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# 0-60V 3A Dual Rail Bench Supply

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#### Raymond Heath

##### New Member
I'm attempting to build a +/- 0-60V 3A bench power supply using a Large 10 amp transformer out of an old audio amplifier. I got as far as building and testing the rectifier/filter board for +/- 60VDC and then discovered that I can't find any variable supply circuits that will take 60VDC input. I know there are old transister circuits out there, but darned if I can track one down. Any ideas?

Hi Raymond, welcome to ETO!
+/- 0 to 60V is a very big stretch, especially if it needs to supply 3A all the way down to it's lowest setting.
You mention 0-60 in terms of output, but then mention a 60v input! So what do you really have? You need a few volts overhead so if you want 60V out you probably need 65vdc in, then at a low voltage like 5v you are looking at 3A * 60V = 180W dissipation in the regulator. Which isn't impossible, just very very impractical. And wasteful.

(edit) If you measured the transformer's output with no load you are onto a red herring with the voltage. Load it with something that will draw an amp or two and test the voltage like that.

So I suggest you look at using a buck converter to drop the voltage down to a sensible level, it's a good idea to make it track the output so the voltage across the linear regulator is always the same. There are a couple of designs you can use for this.

I've seen another design on the 'net which used a chopper circuit to reduce the voltage by pwm, which you could also consider.

If you're lucky enough that your transformer has taps for other voltages you could come up with a switching arrangement to change between these.

That must have been quite a beefy amp to need such a big transformer!

You are correct, I have +/- 60VDC on the output of the rectifier/filter board. The input from the transformer is 47-0-47AC. I just re-measured everything to be sure. My filter uses a 10A bridge, two 250VDC 2200uf electrolytic caps and two 300V 473nf caps. There are two 5.1K 2W resistors on the outputs for bleeders. My original idea was to emulate something similar to my old Lambda 0-50VDC bench supply, only in two rail. I assumed a voltage drop under load. The transformer windings for that part are 20ga and the other two windings are 26ga without the enamal, one 16-0-16 and the other 9.5VAC. The transformer weighs about 5.5 lbs, it's beefy!

No such thing as 473nF cap! 473 = 47nF!
Is this the original rectifier/ smoother from the amp that you are using then? 26ga sounds a bit thin. Handy auxiliary supply though!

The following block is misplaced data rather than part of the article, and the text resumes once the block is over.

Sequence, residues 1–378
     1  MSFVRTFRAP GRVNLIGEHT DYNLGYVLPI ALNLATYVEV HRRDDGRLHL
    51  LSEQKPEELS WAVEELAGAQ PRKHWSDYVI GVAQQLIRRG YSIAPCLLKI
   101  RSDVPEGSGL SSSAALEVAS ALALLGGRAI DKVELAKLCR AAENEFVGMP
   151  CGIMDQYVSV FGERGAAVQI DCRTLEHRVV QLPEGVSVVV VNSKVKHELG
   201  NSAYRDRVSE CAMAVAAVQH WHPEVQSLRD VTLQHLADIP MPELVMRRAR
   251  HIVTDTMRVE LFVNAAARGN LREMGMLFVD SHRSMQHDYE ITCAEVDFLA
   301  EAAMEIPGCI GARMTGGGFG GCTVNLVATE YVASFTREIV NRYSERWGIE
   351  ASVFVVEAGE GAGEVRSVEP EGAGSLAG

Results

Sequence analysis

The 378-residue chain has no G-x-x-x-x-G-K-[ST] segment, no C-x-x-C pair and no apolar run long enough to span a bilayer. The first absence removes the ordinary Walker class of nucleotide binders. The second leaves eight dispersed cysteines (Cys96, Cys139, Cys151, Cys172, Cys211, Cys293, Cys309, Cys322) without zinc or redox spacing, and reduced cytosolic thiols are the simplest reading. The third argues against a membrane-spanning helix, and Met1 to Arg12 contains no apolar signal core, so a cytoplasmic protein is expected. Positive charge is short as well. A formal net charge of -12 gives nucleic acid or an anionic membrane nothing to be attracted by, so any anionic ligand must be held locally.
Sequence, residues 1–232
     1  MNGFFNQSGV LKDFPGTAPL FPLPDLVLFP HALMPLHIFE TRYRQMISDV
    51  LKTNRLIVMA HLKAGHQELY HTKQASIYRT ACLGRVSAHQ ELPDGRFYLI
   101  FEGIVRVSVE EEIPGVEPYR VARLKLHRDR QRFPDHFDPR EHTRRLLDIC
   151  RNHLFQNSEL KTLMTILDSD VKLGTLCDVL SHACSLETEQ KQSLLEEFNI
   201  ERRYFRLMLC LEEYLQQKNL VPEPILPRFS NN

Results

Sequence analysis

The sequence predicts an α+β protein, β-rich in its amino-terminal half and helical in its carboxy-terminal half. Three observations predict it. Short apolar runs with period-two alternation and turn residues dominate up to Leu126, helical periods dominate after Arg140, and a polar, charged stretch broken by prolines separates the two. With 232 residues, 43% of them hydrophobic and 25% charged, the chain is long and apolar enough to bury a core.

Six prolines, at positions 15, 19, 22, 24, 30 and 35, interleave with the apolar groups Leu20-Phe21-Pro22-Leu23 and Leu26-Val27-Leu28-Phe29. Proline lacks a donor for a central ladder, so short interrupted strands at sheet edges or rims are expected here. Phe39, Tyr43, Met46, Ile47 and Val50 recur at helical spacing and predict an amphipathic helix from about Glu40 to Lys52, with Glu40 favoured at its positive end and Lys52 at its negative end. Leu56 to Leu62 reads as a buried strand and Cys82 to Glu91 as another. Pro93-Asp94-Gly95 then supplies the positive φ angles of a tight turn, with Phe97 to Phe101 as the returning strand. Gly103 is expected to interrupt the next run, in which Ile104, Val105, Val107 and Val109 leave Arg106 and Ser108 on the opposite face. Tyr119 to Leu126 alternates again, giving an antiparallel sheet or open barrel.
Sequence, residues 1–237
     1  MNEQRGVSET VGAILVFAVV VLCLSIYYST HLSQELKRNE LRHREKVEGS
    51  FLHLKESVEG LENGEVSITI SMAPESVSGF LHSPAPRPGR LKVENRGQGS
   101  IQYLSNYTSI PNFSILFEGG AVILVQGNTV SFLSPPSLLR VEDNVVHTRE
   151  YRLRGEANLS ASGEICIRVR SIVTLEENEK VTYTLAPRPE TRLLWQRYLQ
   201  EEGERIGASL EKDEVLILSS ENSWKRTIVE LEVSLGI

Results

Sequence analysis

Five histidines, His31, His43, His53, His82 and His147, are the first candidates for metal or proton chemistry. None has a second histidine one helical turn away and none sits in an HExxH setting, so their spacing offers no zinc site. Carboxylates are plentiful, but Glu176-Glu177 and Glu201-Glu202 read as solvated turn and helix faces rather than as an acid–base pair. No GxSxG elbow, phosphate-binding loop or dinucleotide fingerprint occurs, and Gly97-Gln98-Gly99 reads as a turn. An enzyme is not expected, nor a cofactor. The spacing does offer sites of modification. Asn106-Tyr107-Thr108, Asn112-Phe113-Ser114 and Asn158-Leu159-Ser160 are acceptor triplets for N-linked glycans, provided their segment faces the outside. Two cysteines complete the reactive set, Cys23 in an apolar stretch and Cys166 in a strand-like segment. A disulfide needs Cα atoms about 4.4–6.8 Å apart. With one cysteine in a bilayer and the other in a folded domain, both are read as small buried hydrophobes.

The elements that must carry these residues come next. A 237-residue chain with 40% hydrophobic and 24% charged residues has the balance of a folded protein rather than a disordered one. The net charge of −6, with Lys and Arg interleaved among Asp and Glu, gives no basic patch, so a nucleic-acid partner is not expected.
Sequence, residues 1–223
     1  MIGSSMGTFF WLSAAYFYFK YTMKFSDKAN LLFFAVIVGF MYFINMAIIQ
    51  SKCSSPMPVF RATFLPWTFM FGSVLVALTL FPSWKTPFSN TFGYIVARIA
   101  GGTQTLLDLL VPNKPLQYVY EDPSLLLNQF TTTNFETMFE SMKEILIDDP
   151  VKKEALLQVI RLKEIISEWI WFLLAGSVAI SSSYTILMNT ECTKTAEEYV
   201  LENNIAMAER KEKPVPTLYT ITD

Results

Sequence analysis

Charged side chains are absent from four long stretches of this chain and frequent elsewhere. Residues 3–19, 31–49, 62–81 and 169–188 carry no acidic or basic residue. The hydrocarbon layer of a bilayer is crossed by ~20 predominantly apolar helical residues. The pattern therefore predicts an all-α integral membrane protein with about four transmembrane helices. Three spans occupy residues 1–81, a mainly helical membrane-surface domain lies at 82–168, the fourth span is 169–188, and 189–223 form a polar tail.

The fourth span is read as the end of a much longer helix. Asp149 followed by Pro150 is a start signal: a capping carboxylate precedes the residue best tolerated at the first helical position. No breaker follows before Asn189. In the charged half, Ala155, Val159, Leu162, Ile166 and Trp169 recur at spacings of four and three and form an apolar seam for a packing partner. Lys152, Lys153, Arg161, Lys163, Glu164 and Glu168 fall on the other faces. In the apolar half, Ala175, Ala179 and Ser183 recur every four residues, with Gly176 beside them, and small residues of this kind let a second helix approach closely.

When you put "10A transformer" in your original post, may I ask what the 10A is derived from?
I built a similar bench PSU based on an old HiFi traffo (smaller than yours) some time ago (actually still not complete since 3 years now!) So I learned a lot from that

47nf, correct. my mistake. I appear to be in the wrong group. probably the ham group would be helpful. Thanks for your time

For a 60 V linear supply, there are very few opamps that will run directly off the bulk supply voltage. One way is to find an all discrete schematic and scale up the parts with 80 V transistors.

Another approach is to regulate the 60 V down to 15 V or so at a low current, to power the regulator circuits. This can be a very simple zener diode plus pass transistor circuit.

The first schematic above is not the best for your application because it has a fixed reference and variable feedback. For a wide range output, better to use a main regulator topology that has a fixed forward gain and a variable control input from the voltage reference. This makes for a fixed feedback resistor ratio. The only part of the circuit that sees the full 60 V is the main output pass transistor (s) and the driver transistor.

Here is an odd duck based on the National LM10.

What zero-to-full-load regulator accuracy are you trying for?

Is current limiting a requirement?

Search for Lab Supply Schematic to see many more examples.

ak

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You can get an MC1466L Integrated Circuit from China, that will do what you want.
Or you can make that IC using discrete parts.
http://chemelec.com/Projects/MC1466/MC1466.htm

This supply is Adjustable down to Zero volts and has an Adjustable Current control.

My supply is a Dual Supply with Two separate power Transformers.
So I can Series or Parallel them.
I use 10 turn Pots for both Voltage and Current Controls

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